PHASE III: Explore patient views and experiences on reporting ADRs to the Canadian vigilance database

Research question 3 What are the factors influencing patient ADR reporting? What are the views and experiences of patients regarding the user-friendliness of ADR reporting in Canada?


Study design

An interpretive descriptive qualitative study will be conducted. Interpretive description is an inductive and effective analytic approach for describing health care events (Thorne et al. 2009).

Participants and setting

Eligible participants will be adult patients over 18 years old living in Canada, have experienced an ADR, and able to answer questions in English or French. Purposeful sampling will be used to represent a range of ages (18–45, 45–64, 65–80), sex (male, female), and patients who have reported a side effect to pharmacists, physicians, nurses, or to the Canada Vigilance Database. If we encounter difficulty-finding participants, we will revert to the snowball technique. This approach is a sampling strategy that consists of seeking referrals from participants, where one participant gives the researcher the name of more possible participants (Creswell 1998). This technique is used in populations where it is difficult to identify potential participants. Recruitment will continue until data saturation plus an additional three participants, to ensure that no new themes will be identified (Francis et al. 2010). We anticipate reaching saturation with 10 participants and therefore recruiting a total of 13 patients.

Participant recruitment Patients will be informed about study details and invited to participate through social media (e.g. Kijiji, Facebook, twitter), patient associations, and patient societies such as Patients Canada, Canadian Arthritis Society, or Canadian Cancer Society or Heart & Stroke.

Data collection

First, an email or pamphlet introducing the study will be given to prospective participants that express an interest in the study. Those willing to participate will have an interview set up at a convenient time and location (including in person, telephone, or skype). During the interview, the researcher will explain the purpose of the study, describe the approximate amount of time it will take to complete the interview, and inform the participant that they can withdraw from the interview at any time or refuse to answer any questions. Participants will also be informed of precisely how their data will be used, and an informed consent form will be provided for approval, signature, and return. The interview will be conducted using a semi-structured interview guide and is expected to take 30–45 min. The semi-structured interview guide was developed based on key sensitizing concepts from the literature on ADR reporting and with review by experts in pharmacy, knowledge translation to patients, and health policy. More specifically, the first set of questions will explore participant experiences with medication-related side effects, severity, who they report side effects to, and expectations about reporting. The second set of questions will focus on the user-friendliness of the ADR reporting form that is available on the Canada Vigilance website. The interviewer will lead the patient through the form step-by-step and then ask questions exploring the clarity of the questions, ease of use, readability, and font size. Non-identifying demographic information will also be collected. Interviews will be audio-taped and field notes documented by the researcher.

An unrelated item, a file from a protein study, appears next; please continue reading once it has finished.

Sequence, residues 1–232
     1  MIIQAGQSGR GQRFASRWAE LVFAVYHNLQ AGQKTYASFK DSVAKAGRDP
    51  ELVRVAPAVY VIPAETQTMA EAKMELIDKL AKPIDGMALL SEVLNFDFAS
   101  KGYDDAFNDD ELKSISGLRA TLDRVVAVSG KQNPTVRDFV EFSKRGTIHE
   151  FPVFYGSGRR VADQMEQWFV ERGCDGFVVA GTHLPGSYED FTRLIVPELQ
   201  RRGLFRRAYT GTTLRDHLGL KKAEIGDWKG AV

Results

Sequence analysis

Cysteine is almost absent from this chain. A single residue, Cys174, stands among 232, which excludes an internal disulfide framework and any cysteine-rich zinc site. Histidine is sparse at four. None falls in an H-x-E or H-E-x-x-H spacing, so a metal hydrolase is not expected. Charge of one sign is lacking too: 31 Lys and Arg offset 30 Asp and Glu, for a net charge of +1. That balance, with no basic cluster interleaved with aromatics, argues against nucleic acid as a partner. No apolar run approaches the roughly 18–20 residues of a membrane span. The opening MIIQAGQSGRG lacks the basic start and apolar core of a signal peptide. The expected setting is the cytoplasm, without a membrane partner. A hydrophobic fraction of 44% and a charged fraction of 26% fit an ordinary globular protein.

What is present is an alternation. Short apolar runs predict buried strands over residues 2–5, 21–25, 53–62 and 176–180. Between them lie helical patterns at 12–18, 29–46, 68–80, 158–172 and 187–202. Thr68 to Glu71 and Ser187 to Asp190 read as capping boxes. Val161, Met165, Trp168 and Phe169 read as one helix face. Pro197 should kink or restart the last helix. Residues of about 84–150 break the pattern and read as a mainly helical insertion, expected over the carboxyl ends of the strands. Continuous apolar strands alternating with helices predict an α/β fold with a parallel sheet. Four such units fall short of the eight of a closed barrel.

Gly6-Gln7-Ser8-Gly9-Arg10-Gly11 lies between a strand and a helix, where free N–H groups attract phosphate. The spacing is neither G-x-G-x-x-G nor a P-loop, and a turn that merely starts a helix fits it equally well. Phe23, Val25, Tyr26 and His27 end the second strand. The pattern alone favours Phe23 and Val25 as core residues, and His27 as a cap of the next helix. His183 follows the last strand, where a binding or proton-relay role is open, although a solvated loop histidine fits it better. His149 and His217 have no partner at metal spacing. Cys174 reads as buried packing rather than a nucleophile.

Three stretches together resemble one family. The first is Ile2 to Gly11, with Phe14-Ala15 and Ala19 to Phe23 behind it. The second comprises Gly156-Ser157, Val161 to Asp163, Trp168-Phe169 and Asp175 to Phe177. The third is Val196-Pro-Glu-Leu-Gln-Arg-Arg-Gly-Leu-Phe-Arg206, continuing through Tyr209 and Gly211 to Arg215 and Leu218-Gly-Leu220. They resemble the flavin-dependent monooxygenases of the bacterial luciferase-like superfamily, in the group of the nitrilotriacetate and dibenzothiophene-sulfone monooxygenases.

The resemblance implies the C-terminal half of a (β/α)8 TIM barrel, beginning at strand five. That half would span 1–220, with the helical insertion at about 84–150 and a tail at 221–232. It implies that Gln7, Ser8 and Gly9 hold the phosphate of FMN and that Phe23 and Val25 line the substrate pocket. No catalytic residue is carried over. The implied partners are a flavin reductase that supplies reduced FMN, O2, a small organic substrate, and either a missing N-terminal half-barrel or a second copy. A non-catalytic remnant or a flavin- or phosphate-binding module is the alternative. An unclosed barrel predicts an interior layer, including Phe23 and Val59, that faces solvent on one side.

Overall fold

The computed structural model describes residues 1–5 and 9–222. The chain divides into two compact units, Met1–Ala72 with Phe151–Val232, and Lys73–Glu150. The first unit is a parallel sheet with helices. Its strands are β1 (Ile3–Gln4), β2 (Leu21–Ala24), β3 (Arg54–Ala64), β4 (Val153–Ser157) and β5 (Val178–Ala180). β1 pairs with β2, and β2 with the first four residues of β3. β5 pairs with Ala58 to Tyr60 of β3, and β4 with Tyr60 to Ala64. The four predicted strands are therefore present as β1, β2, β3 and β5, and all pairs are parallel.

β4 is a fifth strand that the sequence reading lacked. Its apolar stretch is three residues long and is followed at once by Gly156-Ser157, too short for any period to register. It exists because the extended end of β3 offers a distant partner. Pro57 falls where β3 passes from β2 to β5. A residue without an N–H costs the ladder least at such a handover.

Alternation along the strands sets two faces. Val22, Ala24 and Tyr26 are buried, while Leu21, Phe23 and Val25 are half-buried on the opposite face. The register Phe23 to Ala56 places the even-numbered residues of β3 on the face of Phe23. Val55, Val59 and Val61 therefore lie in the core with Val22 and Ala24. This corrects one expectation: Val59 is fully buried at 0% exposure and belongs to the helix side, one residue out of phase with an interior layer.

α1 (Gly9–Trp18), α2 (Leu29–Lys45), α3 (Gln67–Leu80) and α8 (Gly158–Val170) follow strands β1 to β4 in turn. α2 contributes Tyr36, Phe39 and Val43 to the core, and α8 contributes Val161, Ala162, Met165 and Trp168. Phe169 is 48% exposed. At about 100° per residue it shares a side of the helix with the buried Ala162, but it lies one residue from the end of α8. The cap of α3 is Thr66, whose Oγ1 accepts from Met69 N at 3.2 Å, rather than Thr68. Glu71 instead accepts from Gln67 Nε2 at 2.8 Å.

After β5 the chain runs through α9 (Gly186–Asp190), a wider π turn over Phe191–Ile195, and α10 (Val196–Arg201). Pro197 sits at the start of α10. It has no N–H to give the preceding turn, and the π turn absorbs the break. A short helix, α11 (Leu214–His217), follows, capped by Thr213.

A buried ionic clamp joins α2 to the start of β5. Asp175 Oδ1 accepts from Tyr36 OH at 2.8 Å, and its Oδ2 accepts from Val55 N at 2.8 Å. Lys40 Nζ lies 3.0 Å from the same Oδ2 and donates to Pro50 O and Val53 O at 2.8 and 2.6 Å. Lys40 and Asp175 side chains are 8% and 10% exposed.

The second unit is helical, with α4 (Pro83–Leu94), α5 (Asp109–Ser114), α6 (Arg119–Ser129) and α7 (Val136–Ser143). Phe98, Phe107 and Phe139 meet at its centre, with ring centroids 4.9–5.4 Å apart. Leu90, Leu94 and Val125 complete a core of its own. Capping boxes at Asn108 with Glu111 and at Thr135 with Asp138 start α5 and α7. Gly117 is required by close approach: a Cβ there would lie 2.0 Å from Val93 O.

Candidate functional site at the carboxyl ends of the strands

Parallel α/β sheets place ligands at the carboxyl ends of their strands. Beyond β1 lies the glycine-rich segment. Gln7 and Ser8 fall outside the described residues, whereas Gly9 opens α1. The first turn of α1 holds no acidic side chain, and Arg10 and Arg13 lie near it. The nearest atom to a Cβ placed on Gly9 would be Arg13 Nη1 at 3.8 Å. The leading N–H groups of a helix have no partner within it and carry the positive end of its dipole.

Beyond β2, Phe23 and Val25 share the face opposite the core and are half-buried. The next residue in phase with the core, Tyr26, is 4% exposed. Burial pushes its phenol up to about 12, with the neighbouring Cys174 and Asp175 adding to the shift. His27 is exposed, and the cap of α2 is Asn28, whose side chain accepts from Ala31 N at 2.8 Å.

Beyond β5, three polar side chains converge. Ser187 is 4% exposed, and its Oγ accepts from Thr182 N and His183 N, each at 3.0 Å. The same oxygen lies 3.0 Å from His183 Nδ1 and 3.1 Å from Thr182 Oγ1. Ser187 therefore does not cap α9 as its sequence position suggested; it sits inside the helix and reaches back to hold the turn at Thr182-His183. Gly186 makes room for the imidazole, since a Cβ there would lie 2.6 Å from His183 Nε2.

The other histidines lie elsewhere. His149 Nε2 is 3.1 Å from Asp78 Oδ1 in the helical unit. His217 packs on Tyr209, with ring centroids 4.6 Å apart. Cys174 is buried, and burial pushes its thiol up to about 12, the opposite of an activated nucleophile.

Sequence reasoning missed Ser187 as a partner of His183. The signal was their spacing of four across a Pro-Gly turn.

Data analysis

Interview audiotapes will be transcribed verbatim and analysed. Participant responses to the semi-structured interview questions will be analysed using interpretive content analysis (Huberman and Miles 1994). Interpretive content analysis is an iterative process that facilitates analysis of text that describes processes, activities, perceptions, and beliefs (Thorne et al. 2009). The qualitative data analysis process will use the three-step method of data reduction, data display, and drawing conclusions/verification (Huberman and Miles 1994). Several techniques will be used to enhance the credibility, auditability, and transferability of the study findings (Lincoln and Guba 1986).

To enhance credibility, several techniques will be used including: (a) use of open-ended interviewing techniques: tape recording and verbatim transcriptions to increase the accuracy of describing each participant’s experience;(b) share interpretation of findings with participants to enhance accuracy from the perspective of the person’s living experience; and (c) extensive literature review (Lincoln and Guba 1986).

Auditability is the second assessment of accuracy (Lincoln and Guba 1986). This will be enhanced through presentation of enough information to the reader to see how the raw data lead to the interpretation.

The third criterion of assessment is transferability of the data by presenting enough details on the finding that will allow others in the discipline to determine the relevance of the study finding for their own practice, research, and theory development.

Strengths and limitations

Using secondary data from the official website of the Health Canada database in Phase II to compare serious ADRs reported by HCPs versus patients is considered cost-effective and time-efficient. Since the database contains a large number of ADR reports; sample size is not a problem. But because there is no limitation on the ATCs in the database, this would result in a broader scope of information that will be obtained and more manual work will be needed. One of the study limitation that needs to be addressed is the fact that one reporter can report more than one ADR per report, thus resulting in ADRs not being truly independent. It is important to note that when analysing data obtained from the Canada Vigilance Database, causality of a reaction by any given suspect drug cannot be assumed. In addition, comparisons between drugs cannot be made from the available data (Health Canada 2011).